I regularly use three computers -- two desktops and a laptop (and I'm very tempted by the Asus Eee...). I don't think that's unusual these days. But for individuals with multiple PCs, software licences are a headache.
When I evaluate shareware these days, one of the first things I look at is the End User Licensing Agreement (EULA). And basically, if it's a single machine licence, I'm very unlikely to be interested, no matter how good the software is.
Of course, software developers can use whatever licence they wish. My main gripe is how difficult it can be to find out the licence details.
Two examples: I was interested in buying Backup4All Pro (http://www.backup4all.com/
), but to get the licence details, I had to download the help file PDF and wade through that. And yes, it's a single machine licence. So that would cost me $135 for my machines (excluding DC discount). That compares to my current software, SyncbackSE, which costs $30 for a licence that covers up to 5 PCs. Suddenly Backup4All is a non-runner.
I also recently trialled PageFour (http://www.softwareforwriting.com/
) , the (excellent) text editor aimed at writers. I went searching for the licence details. Not on the web site. Not in the help file. But I found it in the installation directory. And again it's a single machine licence. Which makes a reasonably-priced piece of software ($35) too expensive for me ($105).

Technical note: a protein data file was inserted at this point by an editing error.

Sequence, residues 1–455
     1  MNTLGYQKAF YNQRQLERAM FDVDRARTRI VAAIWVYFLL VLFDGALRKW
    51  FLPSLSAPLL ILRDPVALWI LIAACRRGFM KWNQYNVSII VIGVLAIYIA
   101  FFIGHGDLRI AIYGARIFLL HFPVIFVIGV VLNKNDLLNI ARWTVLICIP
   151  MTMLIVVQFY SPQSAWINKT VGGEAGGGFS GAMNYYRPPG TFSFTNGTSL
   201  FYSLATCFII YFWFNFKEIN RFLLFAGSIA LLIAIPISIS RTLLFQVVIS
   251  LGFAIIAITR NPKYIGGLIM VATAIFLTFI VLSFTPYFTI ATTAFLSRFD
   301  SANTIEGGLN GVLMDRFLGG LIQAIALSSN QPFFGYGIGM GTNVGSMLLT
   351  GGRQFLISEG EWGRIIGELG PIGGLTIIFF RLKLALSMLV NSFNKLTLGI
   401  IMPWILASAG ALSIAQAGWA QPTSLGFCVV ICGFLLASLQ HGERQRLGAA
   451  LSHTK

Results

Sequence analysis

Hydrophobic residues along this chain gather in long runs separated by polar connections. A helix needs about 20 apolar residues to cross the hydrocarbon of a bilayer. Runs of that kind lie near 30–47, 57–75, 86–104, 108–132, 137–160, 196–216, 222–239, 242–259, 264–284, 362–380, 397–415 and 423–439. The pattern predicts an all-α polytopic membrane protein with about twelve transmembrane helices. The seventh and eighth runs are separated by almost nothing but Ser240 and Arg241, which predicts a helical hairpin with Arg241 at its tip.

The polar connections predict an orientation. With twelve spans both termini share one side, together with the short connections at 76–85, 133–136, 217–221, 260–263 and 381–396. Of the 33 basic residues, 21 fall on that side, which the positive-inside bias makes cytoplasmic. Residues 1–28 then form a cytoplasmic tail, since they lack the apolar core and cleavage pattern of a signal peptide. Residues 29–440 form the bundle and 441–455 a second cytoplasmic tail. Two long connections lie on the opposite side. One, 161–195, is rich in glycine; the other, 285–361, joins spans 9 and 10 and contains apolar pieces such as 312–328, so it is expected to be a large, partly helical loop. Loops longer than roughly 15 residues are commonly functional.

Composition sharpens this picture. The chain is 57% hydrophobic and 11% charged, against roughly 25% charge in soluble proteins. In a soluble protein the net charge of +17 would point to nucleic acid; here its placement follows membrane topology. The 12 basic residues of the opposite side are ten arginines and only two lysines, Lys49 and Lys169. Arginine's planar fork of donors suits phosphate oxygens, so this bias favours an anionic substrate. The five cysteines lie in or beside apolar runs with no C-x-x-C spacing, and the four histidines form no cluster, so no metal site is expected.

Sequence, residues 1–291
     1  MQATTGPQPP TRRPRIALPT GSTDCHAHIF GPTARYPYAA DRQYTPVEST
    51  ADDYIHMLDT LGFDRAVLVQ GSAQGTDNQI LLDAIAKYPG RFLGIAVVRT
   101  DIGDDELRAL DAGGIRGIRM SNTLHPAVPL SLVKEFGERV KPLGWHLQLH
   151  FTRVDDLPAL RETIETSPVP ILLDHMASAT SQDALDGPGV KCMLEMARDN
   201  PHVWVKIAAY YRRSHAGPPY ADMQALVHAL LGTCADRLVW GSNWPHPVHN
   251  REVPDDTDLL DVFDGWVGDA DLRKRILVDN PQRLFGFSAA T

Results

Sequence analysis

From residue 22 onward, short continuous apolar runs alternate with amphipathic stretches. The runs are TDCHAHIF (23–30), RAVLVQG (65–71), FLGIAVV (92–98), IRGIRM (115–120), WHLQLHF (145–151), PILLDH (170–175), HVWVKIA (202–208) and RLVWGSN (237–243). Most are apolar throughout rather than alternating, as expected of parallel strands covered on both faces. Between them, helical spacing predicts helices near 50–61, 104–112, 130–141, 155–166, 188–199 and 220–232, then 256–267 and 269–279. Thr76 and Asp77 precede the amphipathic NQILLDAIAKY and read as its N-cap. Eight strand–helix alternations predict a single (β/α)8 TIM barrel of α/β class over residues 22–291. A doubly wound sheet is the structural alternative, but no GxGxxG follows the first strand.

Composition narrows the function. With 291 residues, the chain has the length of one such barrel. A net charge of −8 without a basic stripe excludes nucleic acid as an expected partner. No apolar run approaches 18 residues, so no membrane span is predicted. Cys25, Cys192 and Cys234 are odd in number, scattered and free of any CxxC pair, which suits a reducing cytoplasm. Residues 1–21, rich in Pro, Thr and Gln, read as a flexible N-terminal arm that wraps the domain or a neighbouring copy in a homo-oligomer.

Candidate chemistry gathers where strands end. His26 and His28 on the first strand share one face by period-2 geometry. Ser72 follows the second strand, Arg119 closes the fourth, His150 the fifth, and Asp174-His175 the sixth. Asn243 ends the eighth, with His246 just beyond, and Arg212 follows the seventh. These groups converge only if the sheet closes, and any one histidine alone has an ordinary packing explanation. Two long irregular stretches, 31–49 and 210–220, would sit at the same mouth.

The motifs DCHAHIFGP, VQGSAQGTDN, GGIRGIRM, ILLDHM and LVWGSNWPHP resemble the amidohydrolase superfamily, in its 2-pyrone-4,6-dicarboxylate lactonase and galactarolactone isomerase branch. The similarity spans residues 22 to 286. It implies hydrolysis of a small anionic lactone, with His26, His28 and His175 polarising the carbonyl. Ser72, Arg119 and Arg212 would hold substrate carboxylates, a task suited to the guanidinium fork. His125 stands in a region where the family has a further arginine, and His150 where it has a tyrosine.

In the case of PageFour, I was so impressed with the software that I emailed the author and asked him about the EULA. He was very positive, recognised the issue, and promised to look into changing it. I offered him the wording from the licence for Second Copy 2000 as an ideal model:
"One registered copy of Second Copy 2000 may either be used by a single
person who uses the software personally on one or more computers, or
installed on a single workstation used non-simultaneously by multiple
people, but not both."
Which seems just about perfect to me.
The reason for this long-winded post? To suggest there should be some kind of licence scheme where shareware sites have a prominent "badge" on the home page that indicates whether they offer a standard, flexible licence (modeled on something like the Second Copy licence) so that users don't have to waste time investigating the licence for every bit of software they test. Seems like common sense to me.